By Damien Weissenburger, head of corporate & education solutions, Sony Professional Europe
Modern technology has introduced an exhilarating mix of possibilities into today’s classrooms and lecture halls. Students and teachers have changed, and the one-way lecturing format is no longer the most effective way for educators to connect and engage with their pupils.
The UK has long been a leading light in both technical and educational innovation. Approximately one in every seven of Western Europe’s teaching spaces are located in the UK, and more than £6.7bn was invested into UK tech firms in 2016, according to London & Partners. This uniquely places the UK at the intersection of learning and the technologies that could transform it.
When it comes to AV technologies and the trends that will dominate 2017, three concepts come to the fore: video, interactivity, and lesson capture. These topics will dominate discussion of ed-tech over the coming months, and for good reason.
Using effective, high quality technologies is no longer a ‘bonus’ to impress prospective students and stakeholders. It has become a critical aspect of education, and 2017 will see this fact confirmed.
The role of video content continues to surge in both higher and secondary education, as educators use original, compelling content to engage students. According to Kaltura’s 2016 report on The State of Video in Education, 91% of education decision makers agree that video will play a major role in education in the future.
According to Futuresource Consulting, in 2015 around one in every twenty installation projectors sold within Europe used a laser light source, but by 2019 this figure is expected to reach 73%. Laser projectors are already on track to become the de facto choice for lecture hall installations, and 2017 will see a surge in enquiries about laser projector installations throughout the education sector.
Interact & collaborate
Education is increasingly seen as a collaborative exercise between educator and learner, rather than a one-way broadcast of information. Teachers and lecturers must work with their students, and students must be able to flexibly explore and learn in order to get the most out of their educational experiences.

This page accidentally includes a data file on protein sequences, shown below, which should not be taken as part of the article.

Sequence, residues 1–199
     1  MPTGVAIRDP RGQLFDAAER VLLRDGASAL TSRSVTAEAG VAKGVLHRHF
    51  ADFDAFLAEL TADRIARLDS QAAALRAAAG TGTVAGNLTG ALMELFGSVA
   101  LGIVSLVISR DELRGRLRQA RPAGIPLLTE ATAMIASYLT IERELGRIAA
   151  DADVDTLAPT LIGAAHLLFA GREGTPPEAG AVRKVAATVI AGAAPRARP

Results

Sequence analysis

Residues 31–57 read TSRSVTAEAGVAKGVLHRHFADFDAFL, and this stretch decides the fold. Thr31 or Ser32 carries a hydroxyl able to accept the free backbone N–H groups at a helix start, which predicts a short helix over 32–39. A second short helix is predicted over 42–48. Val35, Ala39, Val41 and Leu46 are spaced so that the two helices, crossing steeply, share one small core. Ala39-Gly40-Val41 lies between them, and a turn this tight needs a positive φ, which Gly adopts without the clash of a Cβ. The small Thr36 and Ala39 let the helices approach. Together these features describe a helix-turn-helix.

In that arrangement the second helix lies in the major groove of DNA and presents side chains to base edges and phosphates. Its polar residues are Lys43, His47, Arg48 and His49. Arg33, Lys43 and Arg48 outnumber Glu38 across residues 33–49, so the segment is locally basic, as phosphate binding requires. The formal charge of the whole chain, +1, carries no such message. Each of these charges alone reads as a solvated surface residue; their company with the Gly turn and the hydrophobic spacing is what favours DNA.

This means providing access to – and drawing on – a wide selection of engaging materials, from a variety of sources. Sony’s Vision Exchange is an intuitive new collaboration solution that brings together students and lecturers in a dynamic workgroup-based environment, encouraging creative discussion and knowledge exchange.
Teachers and lecturers must work with their students, and students must be able to flexibly explore and learn in order to get the most out of their educational experiences.
Students or teams can work collaboratively in small independent workgroups or clusters connecting wirelessly to the platform via their own laptops, tablets or smartphone devices. Information created by workgroups using on-screen annotation tools or whiteboard with digital tag can then be saved as snapshots and downloaded to their connecting device.
Capture & share
With students and educators enjoying greater flexibility and interactivity, we’ve seen the introduction of a concept that will be discussed widely this year – the ‘flipped classroom’. Rather than turning up to lessons or lectures and seeing educational content for the first time, learners are increasingly watching content online ahead of the lesson. When they reach the classroom, this in-person time is spent on collective group learning and discussion.
While the ‘prepare then discuss’ approach clearly exists in higher education – and has done for some time – we’re now seeing it gaining popularity in secondary education too. And while the previous approach focused on reading and static content, we’re now seeing video content being far more widely used. This is also being driven, in part, by the growth of online-only courses and learning.
While video, interactivity, and lesson capture grow in popularity and adoption, we’re going to see an overall surge in AV investment across the education sector. Using effective, high quality technologies is no longer a ‘bonus’ to impress prospective students and stakeholders. It has become a critical aspect of education, and 2017 will see this fact confirmed.
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